Natural Law and Justice

In this part of the book, Weinreb considers the theories of justice of Rawls and Nozick as well as the communitarian theory of Maclntyre and Sandel.

Natural Law and Justice

"Human beings are a part of nature and apart from it." The argument of Natural Law and Justice is that the philosophy of natural law and contemporary theories about the nature of justice are both efforts to make sense of the fundamental paradox of human experience: individual freedom and responsibility in a causally determined universe. Professor Weinreb restores the original understanding of natural law as a philosophy about the place of humankind in nature. He traces the natural law tradition from its origins in Greek speculation through its classic Christian statement by Thomas Aquinas. He goes on to show how the social contract theorists adapted the idea of natural law to provide for political obligation in civil society and how the idea was transformed in Kant's account of human freedom. He brings the historical narrative down to the present with a discussion of the contemporary debate between natural law and legal positivism, including particularly the natural law theories of Finnis, Richards, and Dworkin. Professor Weinreb then adopts the approach of modern political philosophy to develop the idea of justice as a union of the distinct ideas of desert and entitlement. He shows liberty and equality to be the political analogues of desert and entitlement and both pairs to be the normative equivalents of freedom and cause. In this part of the book, Weinreb considers the theories of justice of Rawls and Nozick as well as the communitarian theory of Maclntyre and Sandel. The conclusion brings the debates about natural law and justice together, as parallel efforts to understand the human condition. This original contribution to legal philosophy will be especially appreciated by scholars, teachers, and students in the fields of political philosophy, legal philosophy, and the law generally.

More Books:

Natural Law and Justice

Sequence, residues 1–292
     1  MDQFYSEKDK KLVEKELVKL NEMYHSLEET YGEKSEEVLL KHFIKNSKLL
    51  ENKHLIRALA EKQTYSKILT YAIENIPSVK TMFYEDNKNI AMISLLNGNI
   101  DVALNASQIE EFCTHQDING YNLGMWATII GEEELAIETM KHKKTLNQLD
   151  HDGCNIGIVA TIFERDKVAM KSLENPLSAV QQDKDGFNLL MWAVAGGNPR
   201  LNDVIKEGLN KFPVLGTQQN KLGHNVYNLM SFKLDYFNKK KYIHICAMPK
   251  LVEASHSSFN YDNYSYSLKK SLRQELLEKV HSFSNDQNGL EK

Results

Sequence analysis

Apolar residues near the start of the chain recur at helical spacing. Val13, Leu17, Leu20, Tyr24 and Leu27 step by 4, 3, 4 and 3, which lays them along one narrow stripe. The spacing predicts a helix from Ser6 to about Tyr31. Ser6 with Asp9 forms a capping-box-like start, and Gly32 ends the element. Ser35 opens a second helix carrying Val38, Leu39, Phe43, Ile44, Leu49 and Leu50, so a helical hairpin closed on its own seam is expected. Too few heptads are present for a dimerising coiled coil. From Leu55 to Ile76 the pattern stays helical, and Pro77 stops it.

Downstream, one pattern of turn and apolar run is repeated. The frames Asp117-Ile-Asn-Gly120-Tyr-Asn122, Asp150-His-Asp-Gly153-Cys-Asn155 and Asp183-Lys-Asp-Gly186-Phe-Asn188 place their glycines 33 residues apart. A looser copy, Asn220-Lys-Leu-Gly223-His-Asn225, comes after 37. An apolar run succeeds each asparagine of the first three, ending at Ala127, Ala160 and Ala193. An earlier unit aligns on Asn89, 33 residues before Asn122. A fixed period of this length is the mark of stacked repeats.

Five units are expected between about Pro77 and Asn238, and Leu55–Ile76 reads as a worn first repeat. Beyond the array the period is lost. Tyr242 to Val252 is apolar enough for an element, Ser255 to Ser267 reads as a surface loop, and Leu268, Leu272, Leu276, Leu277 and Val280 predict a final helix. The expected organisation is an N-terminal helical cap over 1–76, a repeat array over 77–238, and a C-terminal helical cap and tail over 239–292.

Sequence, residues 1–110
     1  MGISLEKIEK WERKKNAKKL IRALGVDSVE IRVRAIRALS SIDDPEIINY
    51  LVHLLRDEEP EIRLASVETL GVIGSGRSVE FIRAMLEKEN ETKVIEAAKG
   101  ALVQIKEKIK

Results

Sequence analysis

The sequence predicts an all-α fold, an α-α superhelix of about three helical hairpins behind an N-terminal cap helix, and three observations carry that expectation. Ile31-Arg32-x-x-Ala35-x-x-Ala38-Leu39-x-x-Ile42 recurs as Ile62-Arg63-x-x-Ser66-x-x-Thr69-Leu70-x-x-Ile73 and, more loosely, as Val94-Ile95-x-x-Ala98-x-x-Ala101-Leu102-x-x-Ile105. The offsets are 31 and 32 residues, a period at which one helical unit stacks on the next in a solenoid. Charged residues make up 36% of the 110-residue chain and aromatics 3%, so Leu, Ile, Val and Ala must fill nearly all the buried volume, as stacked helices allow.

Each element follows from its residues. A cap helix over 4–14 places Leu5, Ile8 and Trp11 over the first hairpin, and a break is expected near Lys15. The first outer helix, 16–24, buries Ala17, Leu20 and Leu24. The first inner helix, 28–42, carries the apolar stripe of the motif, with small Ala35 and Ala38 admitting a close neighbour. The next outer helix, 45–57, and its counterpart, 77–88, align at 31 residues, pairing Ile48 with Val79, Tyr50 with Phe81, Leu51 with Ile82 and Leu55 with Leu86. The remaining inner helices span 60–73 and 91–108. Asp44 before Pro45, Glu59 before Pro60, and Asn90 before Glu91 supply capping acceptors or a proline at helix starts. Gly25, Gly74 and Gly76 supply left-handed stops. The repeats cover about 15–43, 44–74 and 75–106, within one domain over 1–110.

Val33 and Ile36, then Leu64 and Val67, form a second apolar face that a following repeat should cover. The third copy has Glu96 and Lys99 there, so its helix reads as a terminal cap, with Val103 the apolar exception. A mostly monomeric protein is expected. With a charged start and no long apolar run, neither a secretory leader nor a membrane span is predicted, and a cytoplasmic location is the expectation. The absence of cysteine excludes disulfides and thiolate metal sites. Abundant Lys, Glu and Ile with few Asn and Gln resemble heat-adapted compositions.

Language: en
Pages: 320
Authors: Lloyd L. Weinreb
Categories: Law
Type: BOOK - Published: 1987 - Publisher: Harvard University Press

"Human beings are a part of nature and apart from it." The argument of Natural Law and Justice is that the philosophy of natural law and contemporary theories about the nature of justice are both efforts to make sense of the fundamental paradox of human experience: individual freedom and responsibility
On Law and Justice
Language: en
Pages: 449
Authors: Alf Ross
Categories: Law
Type: BOOK - Published: 2019-11-20 - Publisher: Oxford University Press

Alf Ross (1899-1979) was, in H.L.A. Hart's words, 'the most acute and best-equipped philosopher' of Scandinavian legal realism. On Law and Justice provides a comprehensive outline of his legal realist position, offering a consistently empirical research programme that simultaneously recognizes the distinctly normative character of law. Ross's legal realism avoids
Natural Law, Or, The Science of Justice
Language: en
Pages: 20
Authors: Lysander Spooner
Categories: Anarchism
Type: BOOK - Published: 1882 - Publisher:

Books about Natural Law, Or, The Science of Justice
Natural Law
Language: en
Pages: 232
Authors: Alexander Passerin d'Entreves
Categories: Law
Type: BOOK - Published: 2017-07-28 - Publisher: Routledge

This is the classic study of the history and continuing philosophical values of the law of nature. D'Entreves discerned three distinct sources that have contributed to the development of natural law: Roman law teachings, Christian beliefs regarding law, and egalitarian and revolutionary theories of the Enlightenment. Now regarded as a
The Theory of Justice
Language: en
Pages: 591
Authors: Rudolf Stammler
Categories: Law
Type: BOOK - Published: 2000-01-01 - Publisher: The Lawbook Exchange, Ltd.

Here the noted German philosopher disputes the historical and natural schools of jurisprudence and advocates a philosophical approach to law. In addition to Stammler's text, the volume includes the translator's introduction which outlines the basis of Stammler's theory, an appendix which contains an essay on Stammler's critical system by Francois